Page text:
Nonetheless, the general steps look like this:
- The attacker scans machines over the internet for known vulnerabilities that may open the door to an attack.
- Once a suitable vulnerability is found, the attacker exploits it for entry and access.
- Once the attacker is in, they execute malicious code on the system to wreak the typical havoc: steal information, encrypt or destroy files, alter permissions, download more malware, etc., based on the vulnerabilities found, the state of the compromised machine (security patches applied or not, for example), and the tools available to the attacker.
The malicious code execution is typically achieved through the use of bash scripts and terminal commands. The attacker feeds the code into a vulnerable app that executes it (or makes a call to the kernel to execute it).
Remote code execution attack examples
Some of the most well-known online attacks come in the form of RCE attacks. Let’s look at some examples.
On May 12, 2017, it was revealed that hundreds of thousands of computers worldwide were infected by the WannaCry ransomware. Ransomware typically encrypts the files on the infected computer, locking out the users, and demands a ransom payment in exchange for decrypting the files.
WannaCry itself allows for remote code execution. An attacker needs to send a specially crafted message\ to a Samba server (SMB) – a protocol used for sharing access to files, printers, and other resources on a network. If the Samba server is vulnerable, the attacker gains access to the system.
The attacker scans the internet for vulnerable SMB ports and uses one of the alleged U.S. National Security Agency (NSA) spying tools called “EternalBlue,” which can detect the vulnerability in Microsoft’s SMB protocol. Once the SMB vulnerability is confirmed, the attacker would use another NSA spying tool called DoublePulsar to install the WannaCry ransomware on the compromised machine.
EternalBlue and DoublePulsar were leaked in April 2017 by a group of hackers going by the name of the Shadow Brokers. Microsoft fixed the security vulnerabilities exposed by Shadow Brokers in March 2017. However, it was reported that between late April and early May 2017, EternalBlue and DoublePulsar had infected more than 148,000 computers. And many of the compromised machines were servers, which, once infected, could infect the client machines connected to the infected servers.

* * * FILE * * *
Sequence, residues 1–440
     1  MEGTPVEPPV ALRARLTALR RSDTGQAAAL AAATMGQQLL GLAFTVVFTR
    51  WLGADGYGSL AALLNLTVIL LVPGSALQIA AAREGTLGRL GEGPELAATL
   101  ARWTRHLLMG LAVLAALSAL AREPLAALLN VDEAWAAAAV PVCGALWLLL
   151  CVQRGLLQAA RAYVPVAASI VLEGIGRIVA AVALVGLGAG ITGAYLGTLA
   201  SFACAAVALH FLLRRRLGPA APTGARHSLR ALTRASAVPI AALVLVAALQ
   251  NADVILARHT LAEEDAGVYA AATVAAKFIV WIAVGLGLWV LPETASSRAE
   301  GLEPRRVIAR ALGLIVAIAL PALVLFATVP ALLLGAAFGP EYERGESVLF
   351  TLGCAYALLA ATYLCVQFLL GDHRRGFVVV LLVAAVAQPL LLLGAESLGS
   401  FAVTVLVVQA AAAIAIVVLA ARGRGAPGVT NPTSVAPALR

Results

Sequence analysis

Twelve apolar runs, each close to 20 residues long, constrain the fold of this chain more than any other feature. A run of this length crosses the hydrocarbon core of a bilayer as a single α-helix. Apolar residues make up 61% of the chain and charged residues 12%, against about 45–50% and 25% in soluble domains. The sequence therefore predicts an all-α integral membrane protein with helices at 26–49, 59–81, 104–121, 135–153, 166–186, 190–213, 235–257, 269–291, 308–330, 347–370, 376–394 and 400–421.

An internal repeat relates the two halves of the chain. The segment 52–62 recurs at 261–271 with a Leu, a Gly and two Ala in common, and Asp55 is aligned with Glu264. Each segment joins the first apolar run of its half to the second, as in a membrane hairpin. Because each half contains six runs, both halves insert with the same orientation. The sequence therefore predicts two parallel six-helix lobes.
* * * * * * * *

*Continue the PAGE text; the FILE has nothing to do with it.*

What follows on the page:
A disastrous attack, to be sure.
Some notable organizations that were infected with the WannaCry malware include Britain’s National Health Service (NHS), Spain’s telecommunications giant, Telefonica, and Germany’s train network, Deutsche Bahn.
Western Digital My Cloud NAS vulnerabilities
Western Digital My Cloud NAS vulnerabilities would allow an attacker to perform several remote code execution attacks, such as compromising the data stored on the system, or enabling an attacker to download malware on the device, such as ransomware, cryptominers, or botnets. We reveal more about the five critical vulnerabilities affecting Western Digital My Cloud NAS devices in our full article.
Windows 10 HtmlHelper vulnerability
Windows Help files carry the .chm extension. Whenever you click a .chm file, a small program called HtmlHelper opens the .chm file and displays it in a window for you to read. As it turns out, researchers from Comparitech discovered that HtmlHelper contains multiple vulnerabilities and even bypasses many of Windows10’s security policies. This means that HtmlHelper can be tricked into opening compromised .chm files, which can lead to a RCE attack.
Zoom RCE vulnerabilities
More recently, Zoom, the popular video conferencing service, was found to be vulnerable to a remote code execution attack. The attack was demonstrated at this year’s Pwn2Own event, a white hat zero-day bug-hunting competition organized by the Zero Day Initiative. The purpose of the event is to make the world of software more secure by proactively finding bugs and disclosing them to vendors to be patched.
This particular attack reportedly exploits three vulnerabilities in order to perpetrate the RCE attack. But the details of the inner workings of the attack were not disclosed. In the demonstration, the attacker calls the victim, waits a little bit, and then is able to execute arbitrary code, as evidenced by the attacker launching the victim’s calculator application. If the attacker could launch the calculator, they likely could have launched any other application, such as a shell, and issue arbitrary commands.
How to protect against RCE attacks
Remote code execution attacks are complex because the mode of entry isn’t fixed. RCE attacks are a category of attacks rather than specific attacks that follow a playbook. And new vulnerabilities and exploits surface every day. So defense against RCE attacks is a bit of a cat and mouse game.
However, there are two measures that every organization should follow in order to give you better odds of avoiding RCE attacks.
Always keep your operating system and your third-party software up-to-date